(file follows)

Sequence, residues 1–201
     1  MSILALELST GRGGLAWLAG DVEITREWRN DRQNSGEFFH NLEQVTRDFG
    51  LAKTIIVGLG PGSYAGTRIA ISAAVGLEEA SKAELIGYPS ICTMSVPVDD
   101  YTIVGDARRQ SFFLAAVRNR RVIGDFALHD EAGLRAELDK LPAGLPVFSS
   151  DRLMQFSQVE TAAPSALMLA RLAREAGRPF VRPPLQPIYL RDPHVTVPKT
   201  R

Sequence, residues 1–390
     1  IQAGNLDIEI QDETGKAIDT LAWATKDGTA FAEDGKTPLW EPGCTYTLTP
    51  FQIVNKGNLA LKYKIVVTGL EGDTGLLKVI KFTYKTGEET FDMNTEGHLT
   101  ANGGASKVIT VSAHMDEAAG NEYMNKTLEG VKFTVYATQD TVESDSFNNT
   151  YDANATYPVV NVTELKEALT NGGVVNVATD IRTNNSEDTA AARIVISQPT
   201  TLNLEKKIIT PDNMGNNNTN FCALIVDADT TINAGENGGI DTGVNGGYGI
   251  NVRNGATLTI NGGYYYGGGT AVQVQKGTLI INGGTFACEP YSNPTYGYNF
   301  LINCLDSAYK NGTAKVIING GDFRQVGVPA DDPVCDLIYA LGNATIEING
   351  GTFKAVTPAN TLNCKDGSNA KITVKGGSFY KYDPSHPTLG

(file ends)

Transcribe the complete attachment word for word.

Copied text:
Sequence, residues 1–201
     1  MSILALELST GRGGLAWLAG DVEITREWRN DRQNSGEFFH NLEQVTRDFG
    51  LAKTIIVGLG PGSYAGTRIA ISAAVGLEEA SKAELIGYPS ICTMSVPVDD
   101  YTIVGDARRQ SFFLAAVRNR RVIGDFALHD EAGLRAELDK LPAGLPVFSS
   151  DRLMQFSQVE TAAPSALMLA RLAREAGRPF VRPPLQPIYL RDPHVTVPKT
   201  R

Sequence, residues 1–390
     1  IQAGNLDIEI QDETGKAIDT LAWATKDGTA FAEDGKTPLW EPGCTYTLTP
    51  FQIVNKGNLA LKYKIVVTGL EGDTGLLKVI KFTYKTGEET FDMNTEGHLT
   101  ANGGASKVIT VSAHMDEAAG NEYMNKTLEG VKFTVYATQD TVESDSFNNT
   151  YDANATYPVV NVTELKEALT NGGVVNVATD IRTNNSEDTA AARIVISQPT
   201  TLNLEKKIIT PDNMGNNNTN FCALIVDADT TINAGENGGI DTGVNGGYGI
   251  NVRNGATLTI NGGYYYGGGT AVQVQKGTLI INGGTFACEP YSNPTYGYNF
   301  LINCLDSAYK NGTAKVIING GDFRQVGVPA DDPVCDLIYA LGNATIEING
   351  GTFKAVTPAN TLNCKDGSNA KITVKGGSFY KYDPSHPTLG